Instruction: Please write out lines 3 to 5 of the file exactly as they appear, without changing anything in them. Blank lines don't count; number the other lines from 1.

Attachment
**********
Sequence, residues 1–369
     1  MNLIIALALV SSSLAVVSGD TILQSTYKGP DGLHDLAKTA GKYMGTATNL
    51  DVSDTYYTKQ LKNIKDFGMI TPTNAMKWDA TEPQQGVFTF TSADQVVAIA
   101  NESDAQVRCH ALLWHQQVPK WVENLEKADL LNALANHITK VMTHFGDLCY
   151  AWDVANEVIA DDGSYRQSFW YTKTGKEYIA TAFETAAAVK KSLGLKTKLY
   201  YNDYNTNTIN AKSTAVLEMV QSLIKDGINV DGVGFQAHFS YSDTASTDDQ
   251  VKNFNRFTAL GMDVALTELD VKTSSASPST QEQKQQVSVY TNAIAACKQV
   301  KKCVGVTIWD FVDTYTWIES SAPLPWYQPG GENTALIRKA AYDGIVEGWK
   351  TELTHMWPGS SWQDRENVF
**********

    51  DVSDTYYTKQ LKNIKDFGMI TPTNAMKWDA TEPQQGVFTF TSADQVVAIA
   101  NESDAQVRCH ALLWHQQVPK WVENLEKADL LNALANHITK VMTHFGDLCY
   151  AWDVANEVIA DDGSYRQSFW YTKTGKEYIA TAFETAAAVK KSLGLKTKLY